BANGOR, Maine — Tucked behind a small neighborhood of middle-class, single-family homes off outer Essex Street in Bangor, a parcel of land has been vacant for years just waiting for the right type of development.
The land’s owner, TJS Realty LLC, finally settled on a use — a 54-unit condominium project consisting of four four-unit buildings, six six-unit buildings and one duplex — and recently presented plans to the city’s planning board.
Residents of Greenfield Avenue and Labarca Lane, the established neighborhood that soon could share space with the proposed condo development, were less than thrilled when they heard the news.
Many attended the planning board meetings to express concerns. They don’t want to see a sudden influx of traffic. They don’t want to see their property values decrease. They don’t want to see their neighborhood change.
After a sometimes spirited discussion that spanned three meetings and featured lawyers representing each side, the planning board first rejected the plan in a narrow vote in February and then reversed the decision earlier this month.
“[Developer] Joe Simpson and I are pleased that the Bangor Planning Board has approved the project, and we respect the process that the board used to make sure that all perspectives were considered in its review,” said Andrew Hamilton, a local attorney representing TJS Realty.
The debate over the project known as Grandview Estates may be over (pending an possible appeal), but its aftermath poses a broader question that the city might soon be forced to answer: How should it handle future development requests in an effort to attract new residents but keep the old ones too?
“I think there is a political issue lurking,” said Charlie Gilbert, an attorney who represented Darryl and Mary Lyon, a Greenfield Avenue couple who are opposed to the condo development. “The city does not want to be seen as anything but business-friendly, but you have to consider, ‘Is this development out of character with the existing neighborhood?’
“Are there going to be more of these types of developments?” he asked. “I don’t know.”
According to city officials, the answer is yes. Planner David Gould said the city likely is going to have to address concerns going forward.
Planning Board Chairman Miles Theeman, who voted against the Grandview Estates plan, said he’s not convinced that development will prompt a broader discussion.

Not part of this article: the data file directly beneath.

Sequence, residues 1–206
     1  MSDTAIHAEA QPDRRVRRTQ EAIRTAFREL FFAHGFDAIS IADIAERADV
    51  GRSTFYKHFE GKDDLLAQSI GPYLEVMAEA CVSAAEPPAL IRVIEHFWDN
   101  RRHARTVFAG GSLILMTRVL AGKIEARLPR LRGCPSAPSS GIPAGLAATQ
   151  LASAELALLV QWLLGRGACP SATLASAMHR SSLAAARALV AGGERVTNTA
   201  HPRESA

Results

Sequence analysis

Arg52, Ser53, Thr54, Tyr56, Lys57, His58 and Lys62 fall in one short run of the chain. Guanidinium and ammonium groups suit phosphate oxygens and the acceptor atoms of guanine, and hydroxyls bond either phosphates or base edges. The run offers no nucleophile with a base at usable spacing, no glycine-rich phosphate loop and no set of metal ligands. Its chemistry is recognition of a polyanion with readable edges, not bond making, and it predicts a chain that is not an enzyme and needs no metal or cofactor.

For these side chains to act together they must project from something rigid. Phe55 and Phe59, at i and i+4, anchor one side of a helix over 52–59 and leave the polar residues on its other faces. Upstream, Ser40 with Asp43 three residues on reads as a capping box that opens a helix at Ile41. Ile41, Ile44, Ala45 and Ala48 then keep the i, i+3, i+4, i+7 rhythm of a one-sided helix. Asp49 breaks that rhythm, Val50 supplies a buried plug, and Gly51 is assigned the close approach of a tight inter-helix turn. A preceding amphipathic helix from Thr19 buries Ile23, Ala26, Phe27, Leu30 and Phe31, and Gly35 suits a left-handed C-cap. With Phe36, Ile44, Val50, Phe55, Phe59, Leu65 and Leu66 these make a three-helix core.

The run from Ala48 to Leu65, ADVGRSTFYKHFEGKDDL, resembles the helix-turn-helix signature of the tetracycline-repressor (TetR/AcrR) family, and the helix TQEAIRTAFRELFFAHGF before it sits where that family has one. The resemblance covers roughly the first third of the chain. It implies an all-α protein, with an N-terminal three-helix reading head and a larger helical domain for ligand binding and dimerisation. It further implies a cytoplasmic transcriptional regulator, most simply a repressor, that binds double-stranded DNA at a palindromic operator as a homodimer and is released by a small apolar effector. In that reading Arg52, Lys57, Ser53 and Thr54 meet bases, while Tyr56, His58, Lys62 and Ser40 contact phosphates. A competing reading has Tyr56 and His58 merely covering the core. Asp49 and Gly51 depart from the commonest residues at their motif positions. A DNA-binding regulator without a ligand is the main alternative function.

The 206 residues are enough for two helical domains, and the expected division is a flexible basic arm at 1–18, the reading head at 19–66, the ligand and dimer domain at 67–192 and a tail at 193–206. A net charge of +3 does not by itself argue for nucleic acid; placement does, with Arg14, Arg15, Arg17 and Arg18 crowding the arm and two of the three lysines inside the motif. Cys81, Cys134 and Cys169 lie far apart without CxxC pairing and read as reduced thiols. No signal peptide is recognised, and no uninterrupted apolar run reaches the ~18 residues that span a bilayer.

Condo projects and clustered subdivisions have been on the rise in Bangor over the last several years, although the down economy has slowed development.
Where they are sited is always tricky.
Orchard Trails, a condo project on outer Broadway, has been successful for many years.
Another large cluster of attached residential dwellings off Mount Hope Avenue has done well, and smaller condo developments have popped up in other neighborhoods as well.
The appeal of that type of housing depends on the perspective, but condos usually are less expensive than single-family homes and require less maintenance. In place of a front or backyard, condo developments typically have shared open space that can be used by all owners within the development.
The two biggest potential buyers of condos are young professionals without children and the 55-and-older crowd looking to downsize because their children are grown.
In many cases, condominium projects are built in what are known as high-density zones, areas of the city compatible with mutli-unit dwellings such as apartment buildings. But Bangor’s high-density zones are reaching capacity, according to Gould, which means that those projects could look to go elsewhere, even outside of Bangor.
Despite the high number of units proposed, Grandview Estates actually fits into a low-density zone because the development is focused in a small section of the property and the rest is preserved as open space.
Gilbert said the current residents on Greenfield Avenue and Labarca Lane are not encouraged by the fact that Grandview Estates fits the definition of low-density.
“It will triple the population of the neighborhood,” he said.
Gilbert said his clients, like many in the area, have lived for years in a quiet cul-de-sac neighborhood accessible only to those who live in the neighborhood. Bringing in dozens more residents who would need to use their road to access Grandview Estates would radically change the fabric of that neighborhood, they feel. Some also have expressed concerns about the quality of construction and whether that will mesh with existing homes.
“Even though the zone allows for both [condominiums] and single-family dwellings, I felt given the way the project would fit in the zone, they appeared to be incompatible,” Theeman said.
As more of these developments pop up in the coming months and years, compatibility could be a key to approving or rejecting specific projects.
Councilor Cary Weston admitted that the city has done some “spot zoning” recently to accommodate some projects, but he said that sooner or later, a larger conversation likely will need to occur.